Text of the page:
104   Thus individual users may override the site-wide defaults.  See also
   105   file @{file "$ISABELLE_HOME/etc/user-settings.sample"} in the
   106   distribution.  Typically, a user settings file would contain only a
   107   few lines, just the assigments that are really changed.  One should
   108   definitely \emph{not} start with a full copy the basic @{file
   109   "$ISABELLE_HOME/etc/settings"}. This could cause very annoying
   110   maintainance problems later, when the Isabelle installation is
   111   updated or changed otherwise.
   113   \end{enumerate}
   115   Since settings files are regular GNU @{executable_def bash} scripts,
   116   one may use complex shell commands, such as @{verbatim "if"} or
   117   @{verbatim "case"} statements to set variables depending on the
   118   system architecture or other environment variables.  Such advanced
   119   features should be added only with great care, though. In
   120   particular, external environment references should be kept at a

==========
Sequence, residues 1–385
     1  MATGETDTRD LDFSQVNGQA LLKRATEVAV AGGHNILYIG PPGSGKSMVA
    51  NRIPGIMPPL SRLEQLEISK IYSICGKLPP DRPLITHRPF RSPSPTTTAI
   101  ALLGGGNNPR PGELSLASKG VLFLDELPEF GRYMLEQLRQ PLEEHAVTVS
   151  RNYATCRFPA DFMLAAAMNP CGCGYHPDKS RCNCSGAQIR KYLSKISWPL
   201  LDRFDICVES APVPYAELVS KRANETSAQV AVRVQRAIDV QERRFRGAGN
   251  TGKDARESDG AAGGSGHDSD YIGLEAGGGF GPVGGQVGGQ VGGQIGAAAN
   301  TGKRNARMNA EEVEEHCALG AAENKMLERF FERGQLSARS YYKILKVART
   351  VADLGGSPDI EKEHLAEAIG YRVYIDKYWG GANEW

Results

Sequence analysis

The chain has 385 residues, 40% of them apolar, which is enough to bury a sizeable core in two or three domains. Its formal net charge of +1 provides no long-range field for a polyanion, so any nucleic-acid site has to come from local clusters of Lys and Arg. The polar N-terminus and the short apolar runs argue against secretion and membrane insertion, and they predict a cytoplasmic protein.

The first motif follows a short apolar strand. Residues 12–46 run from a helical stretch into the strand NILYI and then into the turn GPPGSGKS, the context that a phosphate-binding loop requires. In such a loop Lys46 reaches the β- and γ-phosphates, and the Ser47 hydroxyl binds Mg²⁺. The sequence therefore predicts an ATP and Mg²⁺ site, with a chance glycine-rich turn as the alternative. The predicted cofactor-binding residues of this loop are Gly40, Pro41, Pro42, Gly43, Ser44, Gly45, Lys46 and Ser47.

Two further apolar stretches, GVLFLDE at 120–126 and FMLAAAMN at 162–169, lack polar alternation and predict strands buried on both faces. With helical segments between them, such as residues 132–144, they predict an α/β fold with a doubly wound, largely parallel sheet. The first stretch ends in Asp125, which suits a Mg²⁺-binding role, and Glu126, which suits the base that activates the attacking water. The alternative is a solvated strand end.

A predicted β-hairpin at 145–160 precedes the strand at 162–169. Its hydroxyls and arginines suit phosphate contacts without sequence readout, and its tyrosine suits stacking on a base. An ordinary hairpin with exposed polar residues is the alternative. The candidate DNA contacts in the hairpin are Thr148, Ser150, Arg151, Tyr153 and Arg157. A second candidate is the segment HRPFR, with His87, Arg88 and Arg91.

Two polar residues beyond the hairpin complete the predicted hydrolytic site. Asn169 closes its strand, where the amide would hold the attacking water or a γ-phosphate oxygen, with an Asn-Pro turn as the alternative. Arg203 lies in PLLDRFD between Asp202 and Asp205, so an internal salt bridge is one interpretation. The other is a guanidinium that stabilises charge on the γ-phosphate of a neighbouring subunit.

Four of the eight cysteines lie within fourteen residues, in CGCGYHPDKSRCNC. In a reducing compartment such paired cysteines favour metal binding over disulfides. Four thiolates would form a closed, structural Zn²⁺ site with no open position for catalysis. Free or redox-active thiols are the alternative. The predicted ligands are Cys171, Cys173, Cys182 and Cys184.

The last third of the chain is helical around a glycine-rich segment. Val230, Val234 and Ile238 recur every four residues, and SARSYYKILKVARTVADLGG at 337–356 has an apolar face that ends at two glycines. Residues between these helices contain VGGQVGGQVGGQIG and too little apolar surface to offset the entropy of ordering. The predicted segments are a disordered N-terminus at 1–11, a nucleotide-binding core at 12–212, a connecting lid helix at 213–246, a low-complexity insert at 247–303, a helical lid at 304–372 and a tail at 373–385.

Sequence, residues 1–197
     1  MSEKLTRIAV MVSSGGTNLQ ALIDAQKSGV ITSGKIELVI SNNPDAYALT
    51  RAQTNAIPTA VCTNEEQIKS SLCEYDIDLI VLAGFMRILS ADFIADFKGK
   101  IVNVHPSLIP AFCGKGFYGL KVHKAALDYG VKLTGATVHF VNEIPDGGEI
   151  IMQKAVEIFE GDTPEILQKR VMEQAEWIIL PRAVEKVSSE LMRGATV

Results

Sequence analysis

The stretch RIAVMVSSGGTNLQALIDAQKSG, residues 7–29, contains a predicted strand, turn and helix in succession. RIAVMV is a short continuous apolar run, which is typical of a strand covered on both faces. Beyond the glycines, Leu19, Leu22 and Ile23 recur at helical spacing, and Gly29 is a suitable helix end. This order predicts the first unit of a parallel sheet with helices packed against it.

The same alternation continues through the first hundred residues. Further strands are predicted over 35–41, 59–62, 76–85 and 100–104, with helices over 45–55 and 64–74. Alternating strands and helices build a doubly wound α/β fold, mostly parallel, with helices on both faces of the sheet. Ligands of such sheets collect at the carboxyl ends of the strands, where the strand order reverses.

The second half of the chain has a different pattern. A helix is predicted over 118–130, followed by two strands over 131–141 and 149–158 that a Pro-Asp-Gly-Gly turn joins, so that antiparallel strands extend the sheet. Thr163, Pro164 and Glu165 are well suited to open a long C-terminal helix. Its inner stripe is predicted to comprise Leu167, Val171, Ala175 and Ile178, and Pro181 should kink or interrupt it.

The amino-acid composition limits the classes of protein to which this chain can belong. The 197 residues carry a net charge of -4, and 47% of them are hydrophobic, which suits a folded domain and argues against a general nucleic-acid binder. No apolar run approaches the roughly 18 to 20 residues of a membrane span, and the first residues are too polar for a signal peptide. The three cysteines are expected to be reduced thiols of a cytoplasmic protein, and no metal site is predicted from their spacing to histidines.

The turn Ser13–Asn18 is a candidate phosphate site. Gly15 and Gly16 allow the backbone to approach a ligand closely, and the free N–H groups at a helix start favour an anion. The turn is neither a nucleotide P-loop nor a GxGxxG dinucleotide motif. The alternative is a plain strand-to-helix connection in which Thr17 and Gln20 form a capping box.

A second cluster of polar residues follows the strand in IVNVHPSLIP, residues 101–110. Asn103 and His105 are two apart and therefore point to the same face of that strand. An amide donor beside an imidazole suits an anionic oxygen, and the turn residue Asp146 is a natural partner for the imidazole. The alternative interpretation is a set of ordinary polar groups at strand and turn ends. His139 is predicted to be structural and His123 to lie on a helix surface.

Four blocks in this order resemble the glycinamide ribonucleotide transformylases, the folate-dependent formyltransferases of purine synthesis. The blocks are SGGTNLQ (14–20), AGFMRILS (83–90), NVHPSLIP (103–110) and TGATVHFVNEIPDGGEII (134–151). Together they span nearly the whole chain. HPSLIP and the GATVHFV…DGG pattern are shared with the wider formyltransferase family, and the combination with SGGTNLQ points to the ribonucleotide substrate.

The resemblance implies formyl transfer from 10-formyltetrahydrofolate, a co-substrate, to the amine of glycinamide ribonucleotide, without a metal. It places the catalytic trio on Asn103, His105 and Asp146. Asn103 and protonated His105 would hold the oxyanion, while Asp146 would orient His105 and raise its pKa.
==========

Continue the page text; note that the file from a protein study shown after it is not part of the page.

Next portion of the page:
121   minimum.
   123   \medskip A few variables are somewhat special:
   125   \begin{itemize}
   127   \item @{setting_def ISABELLE_PROCESS} and @{setting_def ISABELLE_TOOL} are set
   128   automatically to the absolute path names of the @{executable
   129   "isabelle-process"} and @{executable isabelle} executables,
   130   respectively.
   132   \item @{setting_ref ISABELLE_OUTPUT} will have the identifiers of
   133   the Isabelle distribution (cf.\ @{setting ISABELLE_IDENTIFIER}) and
   134   the ML system (cf.\ @{setting ML_IDENTIFIER}) appended automatically
   135   to its value.
   137   \end{itemize}
   139   \medskip Note that the settings environment may be inspected with
   140   the @{tool getenv} tool.  This might help to figure out the effect
   141   of complex settings scripts.  *}
   144 subsection {* Common variables *}
   146 text {*
   147   This is a reference of common Isabelle settings variables. Note that
   148   the list is somewhat open-ended. Third-party utilities or interfaces
   149   may add their own selection. Variables that are special in some
   150   sense are marked with @{text "\<^sup>*"}.
   152   \begin{description}
   154   \item[@{setting_def USER_HOME}@{text "\<^sup>*"}] Is the cross-platform
   155   user home directory.  On Unix systems this is usually the same as
   156   @{setting HOME}, but on Windows it is the regular home directory of
   157   the user, not the one of within the Cygwin root
   158   file-system.\footnote{Cygwin itself offers another choice whether